Brad Roberts has written a maddening, but important new book: The Case for U.S. Nuclear Weapons in the 21st Century.
Nuclear and missile defense policy has rated about ten nanoseconds of airtime among the candidates pursuing the Oval Office. But, eventually, someone will win and be forced to abandon rhetorical ramblings for the reality of governing.
Crafting a realistic, effective strategic defense strategy will be a major responsibility of the next president. Roberts’s book makes a worthy contribution to understanding the conundrum confronting the next administration.
The frustrating element of the book is its hollow argument that President Obama tried for eight years to be a good steward of America's nuclear and missile defense enterprise, crafting a reasonable third way between the Curtis LeMay caucus and a tribe of vegetarian hippies working to ban the bomb. But if Mr. Obama's intent was to preserve a responsible strategic deterrent while working assiduously to diminish and eliminate nuclear weapons (the so-called balanced approach), he failed miserably—something even Roberts admits.
But forget about the Obama apologia. Far more important is the book’s argument that the U.S. nuclear arsenal desperately needs modernization. "Over the next two decades," Roberts warns, "the entire remaining inventory will have to be modernized in some way. The triad of delivery systems will have to be modernized or replaced." The arsenal is such dire straits, he concludes, that the next president will have to "modernize capabilities, capacities, and core competencies."
Roberts tries to absolve President Obama for allowing this to happen by blaming it on the lack of bipartisan support for the president's programs. That's a sad half-truth. Certainly his programs received little bipartisan support. But, then again, the administration invested zero political capital in pressing for updating the nation's nuclear arsenal. From the start, Mr. Obama showed that he favored a minimalist approach to missile defense.
Other abject failures are swept under the carpet as well. Roberts concedes that the world's foremost nuclear troublemakers are still causing trouble, despite diplomatic overtures, resets and pivots. As he notes: "North Korea is proceeding to develop and deploy nuclear forces. . . . Nuclear relations with China have not improved. . . . Relations with Russia have taken a radical turn for the worse. . . ." Nor is Roberts too sanguine about how things will work out with Iran.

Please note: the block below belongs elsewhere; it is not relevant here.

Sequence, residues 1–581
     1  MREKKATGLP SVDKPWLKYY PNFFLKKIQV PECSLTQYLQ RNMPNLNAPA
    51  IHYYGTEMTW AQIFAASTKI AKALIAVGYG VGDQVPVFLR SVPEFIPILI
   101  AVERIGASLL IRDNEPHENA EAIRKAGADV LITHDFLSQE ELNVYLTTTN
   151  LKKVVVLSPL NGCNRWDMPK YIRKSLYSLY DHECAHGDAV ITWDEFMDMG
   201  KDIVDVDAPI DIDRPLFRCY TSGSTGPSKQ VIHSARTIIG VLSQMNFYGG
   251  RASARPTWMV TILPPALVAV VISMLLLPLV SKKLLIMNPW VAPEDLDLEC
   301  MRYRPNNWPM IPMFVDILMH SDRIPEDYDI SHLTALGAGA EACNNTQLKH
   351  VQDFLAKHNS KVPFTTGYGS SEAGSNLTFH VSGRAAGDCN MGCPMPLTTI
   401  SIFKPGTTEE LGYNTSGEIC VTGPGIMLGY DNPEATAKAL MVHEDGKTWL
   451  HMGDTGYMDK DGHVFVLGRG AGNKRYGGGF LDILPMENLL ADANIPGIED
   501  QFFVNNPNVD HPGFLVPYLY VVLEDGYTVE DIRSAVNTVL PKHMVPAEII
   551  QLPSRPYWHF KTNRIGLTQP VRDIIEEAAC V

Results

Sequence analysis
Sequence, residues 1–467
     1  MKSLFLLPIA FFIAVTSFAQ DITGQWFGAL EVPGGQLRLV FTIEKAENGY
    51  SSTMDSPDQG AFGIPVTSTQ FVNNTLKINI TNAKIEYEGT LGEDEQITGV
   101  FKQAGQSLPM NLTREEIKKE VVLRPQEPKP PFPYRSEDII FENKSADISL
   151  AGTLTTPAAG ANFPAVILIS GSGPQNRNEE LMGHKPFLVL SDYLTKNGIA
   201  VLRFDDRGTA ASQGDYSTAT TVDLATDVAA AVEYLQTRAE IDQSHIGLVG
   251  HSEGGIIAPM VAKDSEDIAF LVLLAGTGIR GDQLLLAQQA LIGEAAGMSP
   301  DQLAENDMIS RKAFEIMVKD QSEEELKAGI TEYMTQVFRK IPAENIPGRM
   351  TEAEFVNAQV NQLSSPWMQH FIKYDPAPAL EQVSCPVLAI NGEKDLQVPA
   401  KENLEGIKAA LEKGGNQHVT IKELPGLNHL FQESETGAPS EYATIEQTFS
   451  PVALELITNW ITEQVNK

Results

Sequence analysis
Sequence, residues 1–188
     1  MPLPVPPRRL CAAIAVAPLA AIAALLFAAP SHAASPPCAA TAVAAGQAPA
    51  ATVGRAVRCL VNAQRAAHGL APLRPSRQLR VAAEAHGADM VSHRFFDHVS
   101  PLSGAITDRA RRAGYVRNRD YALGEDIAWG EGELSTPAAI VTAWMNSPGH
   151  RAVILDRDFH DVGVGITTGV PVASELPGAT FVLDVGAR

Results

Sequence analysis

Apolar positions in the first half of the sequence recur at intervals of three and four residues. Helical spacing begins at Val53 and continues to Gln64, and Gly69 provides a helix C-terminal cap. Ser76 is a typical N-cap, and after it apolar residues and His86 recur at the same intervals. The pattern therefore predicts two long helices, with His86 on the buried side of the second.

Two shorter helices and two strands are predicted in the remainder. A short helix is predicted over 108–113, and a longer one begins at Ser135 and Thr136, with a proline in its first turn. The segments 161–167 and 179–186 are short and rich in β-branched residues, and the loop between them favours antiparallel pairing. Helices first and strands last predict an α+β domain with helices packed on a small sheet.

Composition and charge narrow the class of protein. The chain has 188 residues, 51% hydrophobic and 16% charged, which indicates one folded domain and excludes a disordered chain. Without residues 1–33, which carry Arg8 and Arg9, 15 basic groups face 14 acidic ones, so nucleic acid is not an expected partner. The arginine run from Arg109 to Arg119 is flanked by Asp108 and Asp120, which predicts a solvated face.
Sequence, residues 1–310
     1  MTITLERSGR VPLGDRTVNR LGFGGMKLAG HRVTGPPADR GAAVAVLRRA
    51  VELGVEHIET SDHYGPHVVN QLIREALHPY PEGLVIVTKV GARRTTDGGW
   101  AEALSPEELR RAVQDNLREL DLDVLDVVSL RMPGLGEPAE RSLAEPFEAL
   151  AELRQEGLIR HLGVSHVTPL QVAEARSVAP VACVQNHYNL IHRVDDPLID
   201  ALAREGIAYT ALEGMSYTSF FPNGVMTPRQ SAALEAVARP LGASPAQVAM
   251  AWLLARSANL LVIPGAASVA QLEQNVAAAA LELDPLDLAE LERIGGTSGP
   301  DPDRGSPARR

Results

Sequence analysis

It’s understandable that Roberts would want to offer some kind of defense for two presidential terms of backsliding. After all, he served as Deputy Assistant Secretary of Defense for Nuclear and Missile Defense Policy from 2009 to 2013. In addition, he has an association with former Defense Secretary William Perry, one of the godfathers of the now defunct Road to Zero for nuclear weapons. Indeed, from 2013 to 2014 Roberts was the William Perry fellow at Stanford University.
Still, the weak-tea defense of the administration in The Case for U.S. Nuclear Weapons undermines the book’s credibility. Roberts would have been better off just acknowledging the current state of affairs and looking forward, rather than trying to whitewash Mr. Obama's legacy as a derelict nuclear commander-in-chief.
What Roberts does deliver are very credible arguments that there are no easy answers for resolving America’s nuclear dilemma. The odds that Russia, China, North Korea and Iran are all going to choose to play nice for the next president are about as likely as a Kardashian living a life of solitude and contemplation in a Tibetan monastery.
Roberts also discounts the possibility that regional balancing, prompt conventional strike or ballistic missile defenses could ever adequately substitute for the deterrent influence of strategic nuclear weapons. He concludes that a nuclear deterrent is essential and that modernization (while not bargain-basement cheap) is affordable and achievable.